Solar developer Solarcentury’s brand name has been retired following the company’s acquisition by Norwegian state-owned utility Statkraft.
Statkraft acquired 100% of the shares in Solarcentury Holdings and its subsidiaries in November 2020, gaining access to a 6GW solar pipeline in Europe and South America. The utility, which secured Solarcentury in a deal worth £117.7 million, has a target to deploy 8GW of wind and solar capacity by 2025.
Since Statkraft announced the acquisition six months ago, Solarcentury has so far completed construction on 550MWp of solar capacity, achieved permits for a further 1.22GWp and submitted planning for 423 MWp, according to a statement from the parent company.
Fully integrating Solarcentury’s team into Statkraft will support the power producer’s aim to become “one of the leading renewables companies in the world,” Birgitte Ringstad Vartdal, EVP of Statkraft’s European solar and wind business, said.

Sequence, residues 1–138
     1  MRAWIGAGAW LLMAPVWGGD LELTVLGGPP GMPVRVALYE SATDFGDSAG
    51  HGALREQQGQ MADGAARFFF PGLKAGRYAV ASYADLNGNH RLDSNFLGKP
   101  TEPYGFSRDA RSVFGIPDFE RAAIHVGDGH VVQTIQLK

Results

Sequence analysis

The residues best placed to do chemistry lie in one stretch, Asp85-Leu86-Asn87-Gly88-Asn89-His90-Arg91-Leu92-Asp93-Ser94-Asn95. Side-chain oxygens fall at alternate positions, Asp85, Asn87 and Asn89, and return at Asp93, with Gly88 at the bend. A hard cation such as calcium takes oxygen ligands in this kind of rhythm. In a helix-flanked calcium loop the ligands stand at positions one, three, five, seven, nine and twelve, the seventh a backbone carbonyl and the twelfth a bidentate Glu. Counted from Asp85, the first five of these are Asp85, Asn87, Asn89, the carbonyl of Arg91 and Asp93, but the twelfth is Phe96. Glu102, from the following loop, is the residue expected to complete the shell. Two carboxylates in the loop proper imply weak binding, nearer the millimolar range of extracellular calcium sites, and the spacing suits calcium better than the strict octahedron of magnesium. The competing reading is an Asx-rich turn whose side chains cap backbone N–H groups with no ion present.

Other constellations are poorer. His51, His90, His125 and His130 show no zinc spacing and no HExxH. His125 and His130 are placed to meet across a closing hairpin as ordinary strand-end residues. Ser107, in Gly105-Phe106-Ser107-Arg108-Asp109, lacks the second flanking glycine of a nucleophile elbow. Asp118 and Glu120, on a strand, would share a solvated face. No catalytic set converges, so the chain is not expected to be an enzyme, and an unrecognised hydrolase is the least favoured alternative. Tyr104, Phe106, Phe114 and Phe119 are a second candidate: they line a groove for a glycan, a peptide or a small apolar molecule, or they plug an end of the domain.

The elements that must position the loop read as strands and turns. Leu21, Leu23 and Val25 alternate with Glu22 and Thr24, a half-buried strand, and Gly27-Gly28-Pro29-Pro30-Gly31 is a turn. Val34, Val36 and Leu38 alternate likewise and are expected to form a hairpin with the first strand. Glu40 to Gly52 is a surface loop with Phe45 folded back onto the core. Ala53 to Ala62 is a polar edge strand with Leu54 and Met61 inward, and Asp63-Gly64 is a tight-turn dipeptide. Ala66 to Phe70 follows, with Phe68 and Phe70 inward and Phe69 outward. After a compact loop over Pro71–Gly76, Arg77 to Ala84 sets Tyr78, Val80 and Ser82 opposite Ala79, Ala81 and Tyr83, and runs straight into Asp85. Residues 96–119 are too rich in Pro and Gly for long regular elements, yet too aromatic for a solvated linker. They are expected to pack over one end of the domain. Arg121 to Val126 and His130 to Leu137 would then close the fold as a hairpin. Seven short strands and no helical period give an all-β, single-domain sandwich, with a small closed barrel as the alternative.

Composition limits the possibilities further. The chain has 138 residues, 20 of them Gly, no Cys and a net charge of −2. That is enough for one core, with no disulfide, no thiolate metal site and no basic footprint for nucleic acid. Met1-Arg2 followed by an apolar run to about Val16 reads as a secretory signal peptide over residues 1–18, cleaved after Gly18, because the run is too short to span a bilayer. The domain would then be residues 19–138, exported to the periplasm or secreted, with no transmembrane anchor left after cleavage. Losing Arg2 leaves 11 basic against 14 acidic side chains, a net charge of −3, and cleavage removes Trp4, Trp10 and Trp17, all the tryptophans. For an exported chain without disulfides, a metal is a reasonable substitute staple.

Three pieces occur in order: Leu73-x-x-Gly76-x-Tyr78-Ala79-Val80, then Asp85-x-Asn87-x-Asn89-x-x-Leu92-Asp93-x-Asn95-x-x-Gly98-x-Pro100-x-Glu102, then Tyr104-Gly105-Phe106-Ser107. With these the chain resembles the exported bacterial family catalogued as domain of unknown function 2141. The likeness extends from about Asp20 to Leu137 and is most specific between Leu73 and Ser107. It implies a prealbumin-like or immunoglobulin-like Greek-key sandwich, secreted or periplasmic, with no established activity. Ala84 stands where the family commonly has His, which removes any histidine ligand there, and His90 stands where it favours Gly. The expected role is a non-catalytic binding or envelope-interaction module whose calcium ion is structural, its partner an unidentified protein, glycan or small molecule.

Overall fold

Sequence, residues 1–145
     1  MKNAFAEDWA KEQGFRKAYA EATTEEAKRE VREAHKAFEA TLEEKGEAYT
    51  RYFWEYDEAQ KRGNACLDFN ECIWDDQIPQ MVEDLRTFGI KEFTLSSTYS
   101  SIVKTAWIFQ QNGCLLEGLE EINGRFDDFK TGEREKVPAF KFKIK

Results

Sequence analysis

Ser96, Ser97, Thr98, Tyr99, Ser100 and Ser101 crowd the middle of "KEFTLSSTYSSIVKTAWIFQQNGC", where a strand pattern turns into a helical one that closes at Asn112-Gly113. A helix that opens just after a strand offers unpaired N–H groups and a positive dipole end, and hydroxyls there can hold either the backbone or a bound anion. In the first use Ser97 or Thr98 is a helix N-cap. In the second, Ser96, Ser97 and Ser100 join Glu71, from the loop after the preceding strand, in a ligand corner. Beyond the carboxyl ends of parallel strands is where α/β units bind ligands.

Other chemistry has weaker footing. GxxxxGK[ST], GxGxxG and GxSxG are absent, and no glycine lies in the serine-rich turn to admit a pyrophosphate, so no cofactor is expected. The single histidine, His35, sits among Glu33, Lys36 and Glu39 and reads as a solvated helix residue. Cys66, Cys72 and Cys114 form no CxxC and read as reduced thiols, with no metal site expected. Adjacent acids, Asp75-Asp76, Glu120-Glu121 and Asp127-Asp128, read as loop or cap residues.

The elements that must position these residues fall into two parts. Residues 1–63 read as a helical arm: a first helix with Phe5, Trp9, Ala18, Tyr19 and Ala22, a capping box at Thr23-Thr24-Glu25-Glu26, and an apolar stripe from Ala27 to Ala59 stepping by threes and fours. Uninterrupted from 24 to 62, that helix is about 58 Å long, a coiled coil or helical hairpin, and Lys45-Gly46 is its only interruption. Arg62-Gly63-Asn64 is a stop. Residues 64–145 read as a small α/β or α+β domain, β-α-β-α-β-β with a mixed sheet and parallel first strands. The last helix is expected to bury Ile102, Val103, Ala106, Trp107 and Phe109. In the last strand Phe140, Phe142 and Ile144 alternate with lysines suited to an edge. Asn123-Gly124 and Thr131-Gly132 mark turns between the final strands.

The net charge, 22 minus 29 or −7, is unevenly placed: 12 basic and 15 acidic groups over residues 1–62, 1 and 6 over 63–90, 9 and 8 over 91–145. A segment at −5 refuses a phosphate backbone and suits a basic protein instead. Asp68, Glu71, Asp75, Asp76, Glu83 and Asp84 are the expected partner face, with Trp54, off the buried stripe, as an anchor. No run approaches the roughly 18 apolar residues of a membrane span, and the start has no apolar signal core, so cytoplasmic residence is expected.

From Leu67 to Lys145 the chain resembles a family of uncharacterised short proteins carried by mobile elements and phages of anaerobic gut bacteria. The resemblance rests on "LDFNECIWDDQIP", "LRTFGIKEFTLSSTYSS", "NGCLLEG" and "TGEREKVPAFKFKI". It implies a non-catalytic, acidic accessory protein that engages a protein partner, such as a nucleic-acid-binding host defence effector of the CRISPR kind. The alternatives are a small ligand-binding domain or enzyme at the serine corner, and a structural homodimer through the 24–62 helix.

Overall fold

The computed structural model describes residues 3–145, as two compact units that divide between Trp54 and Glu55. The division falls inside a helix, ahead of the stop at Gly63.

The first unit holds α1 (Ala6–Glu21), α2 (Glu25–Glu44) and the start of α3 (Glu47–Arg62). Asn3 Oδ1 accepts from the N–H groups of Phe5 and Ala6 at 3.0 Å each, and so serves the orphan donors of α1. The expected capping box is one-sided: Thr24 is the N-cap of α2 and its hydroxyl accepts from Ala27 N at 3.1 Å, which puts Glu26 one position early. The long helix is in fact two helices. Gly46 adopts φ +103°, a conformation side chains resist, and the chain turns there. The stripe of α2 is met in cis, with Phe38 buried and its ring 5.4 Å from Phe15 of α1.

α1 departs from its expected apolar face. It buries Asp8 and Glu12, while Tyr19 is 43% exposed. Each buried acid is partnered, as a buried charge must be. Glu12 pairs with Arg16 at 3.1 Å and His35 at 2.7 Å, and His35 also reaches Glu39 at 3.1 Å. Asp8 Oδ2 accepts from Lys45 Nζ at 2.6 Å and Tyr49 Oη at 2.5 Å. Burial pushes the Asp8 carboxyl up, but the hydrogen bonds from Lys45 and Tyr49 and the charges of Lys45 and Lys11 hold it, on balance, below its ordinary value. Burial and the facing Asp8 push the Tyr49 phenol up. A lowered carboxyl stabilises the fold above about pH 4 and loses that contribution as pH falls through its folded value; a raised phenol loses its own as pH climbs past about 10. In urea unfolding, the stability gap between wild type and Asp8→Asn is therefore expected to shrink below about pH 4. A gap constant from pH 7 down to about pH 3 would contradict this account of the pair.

“Investment in renewable energy production – including solar and wind energy – and a greener grid are essential to every country’s journey to reach net zero,” she said.
Reports that Solarcentury was seeking a sale first emerged in April 2019, as the company had met with investment bank Evercore to oversee an auction of the company. Solarcentury’s then-chief executive Frans van den Heuvel later told our sister publication Solar Power Portal that a sale was necessary to compete in the “top tier” of the global solar market.
Barbara Flesche, Solarcentury’s current CEO, has now been named Statkraft’s chief financial officer of the company’s European wind and solar business.
She said the Solarcentury team is “thrilled to continue to grow as part of Statkraft”.
“As part of Statkraft, our position in the market is stronger than ever as Europe’s largest renewable energy producer.”